The Turkish government has detained a total of 119 people over the past week (June 11-June 18) as part of its massive post-coup witch hunt targeting alleged members of the Gülen movement, according to a statement by the Turkish Interior Ministry on Monday.
Police took 13,604 people into custody over alleged links to the movement in the first five months of 2018.
Meanwhile, Turkey’s Interior Minister Süleyman Soylu claimed on Monday that “the danger posed by FETÖ is not yet over.”
“FETÖ” is a derogatory term coined by the ruling Justice and Development Party (AKP) government led by Turkish President Recep Tayyip Erdoğan to refer to the Gülen movement.
“We cannot say the danger of FETÖ is over,” Soylu claimed in a live interview with state-run broadcaster TRT Haber, pointing out that the government’s massive and indiscriminate post-coup witch hunt targeting alleged members of the Gülen movement is only half complete.
Highlighting the Turkish government’s crackdown on the Gülen movement, Soylu compared the movement to a matryoshka doll. “If you open one, you will find another inside it. Your hands should be relaxed in order to get to the last of them.”
Soylu also added that permanent arrangements regarding the Gülen movement could be made after the July 24 parliamentary and presidential elections in Turkey.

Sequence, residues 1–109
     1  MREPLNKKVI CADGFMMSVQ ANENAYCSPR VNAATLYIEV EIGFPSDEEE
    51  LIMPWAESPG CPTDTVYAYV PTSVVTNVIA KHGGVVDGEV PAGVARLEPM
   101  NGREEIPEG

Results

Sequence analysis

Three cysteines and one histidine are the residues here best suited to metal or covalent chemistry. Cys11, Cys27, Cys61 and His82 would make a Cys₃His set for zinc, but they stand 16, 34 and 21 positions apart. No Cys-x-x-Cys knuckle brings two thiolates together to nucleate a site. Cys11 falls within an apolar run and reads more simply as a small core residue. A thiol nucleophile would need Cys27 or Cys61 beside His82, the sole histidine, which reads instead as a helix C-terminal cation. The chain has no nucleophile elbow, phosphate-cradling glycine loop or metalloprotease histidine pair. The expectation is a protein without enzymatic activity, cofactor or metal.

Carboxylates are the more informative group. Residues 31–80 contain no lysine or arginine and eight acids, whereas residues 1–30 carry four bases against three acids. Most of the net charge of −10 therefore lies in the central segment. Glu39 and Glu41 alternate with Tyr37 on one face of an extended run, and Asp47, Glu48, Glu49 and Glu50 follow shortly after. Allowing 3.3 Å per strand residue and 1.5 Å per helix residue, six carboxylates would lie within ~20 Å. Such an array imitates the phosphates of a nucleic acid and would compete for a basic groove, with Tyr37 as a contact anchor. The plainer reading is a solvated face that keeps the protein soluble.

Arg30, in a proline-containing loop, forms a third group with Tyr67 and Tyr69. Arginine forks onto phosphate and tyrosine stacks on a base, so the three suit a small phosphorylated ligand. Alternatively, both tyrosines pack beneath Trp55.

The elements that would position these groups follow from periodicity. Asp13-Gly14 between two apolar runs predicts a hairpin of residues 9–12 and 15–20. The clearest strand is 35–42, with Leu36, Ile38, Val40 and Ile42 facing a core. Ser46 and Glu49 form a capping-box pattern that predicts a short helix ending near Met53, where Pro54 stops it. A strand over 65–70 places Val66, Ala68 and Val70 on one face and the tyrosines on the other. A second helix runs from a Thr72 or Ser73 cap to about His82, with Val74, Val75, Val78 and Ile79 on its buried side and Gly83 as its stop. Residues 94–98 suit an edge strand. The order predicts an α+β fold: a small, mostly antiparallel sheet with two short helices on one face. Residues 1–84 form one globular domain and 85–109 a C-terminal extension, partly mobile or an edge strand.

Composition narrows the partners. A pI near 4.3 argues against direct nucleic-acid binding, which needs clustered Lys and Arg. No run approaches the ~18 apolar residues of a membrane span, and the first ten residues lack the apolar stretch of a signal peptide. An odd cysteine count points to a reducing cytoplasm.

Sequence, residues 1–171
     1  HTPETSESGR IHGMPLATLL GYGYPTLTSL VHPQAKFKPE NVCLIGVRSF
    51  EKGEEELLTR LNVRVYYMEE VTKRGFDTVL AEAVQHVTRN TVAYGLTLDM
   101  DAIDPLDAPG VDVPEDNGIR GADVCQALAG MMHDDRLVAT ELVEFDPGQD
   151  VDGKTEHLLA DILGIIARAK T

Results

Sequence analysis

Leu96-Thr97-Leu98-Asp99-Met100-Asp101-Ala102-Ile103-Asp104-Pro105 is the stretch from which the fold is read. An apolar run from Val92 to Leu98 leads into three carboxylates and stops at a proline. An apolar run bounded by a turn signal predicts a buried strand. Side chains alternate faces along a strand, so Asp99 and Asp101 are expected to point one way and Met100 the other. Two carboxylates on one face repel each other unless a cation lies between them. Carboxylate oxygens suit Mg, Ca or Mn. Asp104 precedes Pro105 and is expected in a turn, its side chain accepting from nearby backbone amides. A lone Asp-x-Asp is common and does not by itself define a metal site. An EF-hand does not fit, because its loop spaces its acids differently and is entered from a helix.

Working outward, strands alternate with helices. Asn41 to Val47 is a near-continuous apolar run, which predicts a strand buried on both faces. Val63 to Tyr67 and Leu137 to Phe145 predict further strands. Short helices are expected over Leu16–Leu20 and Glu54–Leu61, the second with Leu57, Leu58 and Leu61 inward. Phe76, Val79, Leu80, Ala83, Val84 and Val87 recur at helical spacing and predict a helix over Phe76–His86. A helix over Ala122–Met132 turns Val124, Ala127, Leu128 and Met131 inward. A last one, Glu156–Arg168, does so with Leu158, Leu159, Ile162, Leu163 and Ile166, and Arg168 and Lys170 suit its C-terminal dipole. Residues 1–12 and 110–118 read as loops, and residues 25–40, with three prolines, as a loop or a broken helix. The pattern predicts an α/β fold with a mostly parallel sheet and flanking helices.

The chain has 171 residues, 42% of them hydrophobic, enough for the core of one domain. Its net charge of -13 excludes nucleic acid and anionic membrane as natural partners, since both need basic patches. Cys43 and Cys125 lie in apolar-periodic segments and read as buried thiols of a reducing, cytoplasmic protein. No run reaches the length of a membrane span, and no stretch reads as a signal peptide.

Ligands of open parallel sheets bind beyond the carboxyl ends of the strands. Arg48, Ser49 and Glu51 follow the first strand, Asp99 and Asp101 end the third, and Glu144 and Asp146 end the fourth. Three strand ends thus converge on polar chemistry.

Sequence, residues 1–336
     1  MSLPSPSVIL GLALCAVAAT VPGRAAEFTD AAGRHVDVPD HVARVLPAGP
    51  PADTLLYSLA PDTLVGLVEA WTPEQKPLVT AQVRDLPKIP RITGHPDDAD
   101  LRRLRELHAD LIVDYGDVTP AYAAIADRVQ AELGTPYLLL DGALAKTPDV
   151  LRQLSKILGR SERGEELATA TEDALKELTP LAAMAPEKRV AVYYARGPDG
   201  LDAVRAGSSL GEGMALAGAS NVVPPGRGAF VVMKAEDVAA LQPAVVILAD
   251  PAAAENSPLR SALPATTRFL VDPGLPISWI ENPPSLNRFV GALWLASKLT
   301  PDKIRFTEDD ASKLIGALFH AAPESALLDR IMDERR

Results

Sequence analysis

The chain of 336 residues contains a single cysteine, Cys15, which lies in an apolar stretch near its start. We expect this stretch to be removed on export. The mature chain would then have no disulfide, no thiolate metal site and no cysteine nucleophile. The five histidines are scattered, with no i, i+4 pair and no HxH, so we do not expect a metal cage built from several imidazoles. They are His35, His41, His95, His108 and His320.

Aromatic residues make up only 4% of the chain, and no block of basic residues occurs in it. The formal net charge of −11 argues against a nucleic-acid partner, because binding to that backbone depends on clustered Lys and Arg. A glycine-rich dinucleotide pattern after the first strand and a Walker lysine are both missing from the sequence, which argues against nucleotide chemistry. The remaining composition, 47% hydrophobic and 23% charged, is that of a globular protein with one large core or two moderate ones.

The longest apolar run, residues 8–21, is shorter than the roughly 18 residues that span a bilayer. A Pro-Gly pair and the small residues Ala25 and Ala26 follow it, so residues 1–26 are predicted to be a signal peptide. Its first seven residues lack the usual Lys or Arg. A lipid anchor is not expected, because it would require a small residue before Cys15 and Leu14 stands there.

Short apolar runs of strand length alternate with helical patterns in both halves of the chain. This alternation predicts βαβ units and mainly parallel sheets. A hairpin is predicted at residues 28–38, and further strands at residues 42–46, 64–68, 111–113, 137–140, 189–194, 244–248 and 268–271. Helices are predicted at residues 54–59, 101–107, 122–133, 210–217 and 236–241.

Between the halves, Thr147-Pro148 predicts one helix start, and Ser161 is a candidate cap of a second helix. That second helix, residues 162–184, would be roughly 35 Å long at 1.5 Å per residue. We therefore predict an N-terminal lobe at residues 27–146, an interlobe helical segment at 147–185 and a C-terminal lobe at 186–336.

The minister also claimed that recent information about top coup suspect Adil Öksüz’s presence in Germany was correct, saying, “It is certain that he [Adil Öksüz] was in Germany a while ago.”
Turkey’s state-run Anadolu news agency, which has collaborated with Turkey’s National Intelligence Organisation (MİT), revealed last week that the 51-year-old suspect stayed for some time at a small apartment in Berlin’s Neukoelln district. Turkish officials have repeatedly appealed to the German government to arrest and extradite Öksüz after receiving dozens of tips indicating he was hiding in Germany.
When asked about Öksüz’s current location Soylu said, “We don’t have any information on whether he went to some other place [from Germany] or not. but it is known that he was in Germany a while ago.” Soylu also said that “the information leaked by Germans is not incorrect.”
Turkey survived a controversial military coup attempt on July 15, 2016 that killed 249 people. Immediately after the putsch, the Justice and Development Party (AKP) government along with President Recep Tayyip Erdoğan pinned the blame on the Gülen movement.
Fethullah Gülen, who inspired the movement, strongly denied having any role in the failed coup and called for an international investigation into it, but President Erdoğan — calling the coup attempt “a gift from God” — and the government initiated a widespread purge aimed at cleansing sympathizers of the movement from within state institutions, dehumanizing its popular figures and putting them in custody.
Turkey has suspended or dismissed more than 150,000 judges, teachers, police and civil servants since July 15. On December 13, 2017 the Justice Ministry announced that 169,013 people have been the subject of legal proceedings on coup charges since the failed coup.
Turkish Interior Minister Süleyman Soylu announced on April 18, 2018 that the Turkish government had jailed 77,081 people between July 15, 2016 and April 11, 2018 over alleged links to the Gülen movement.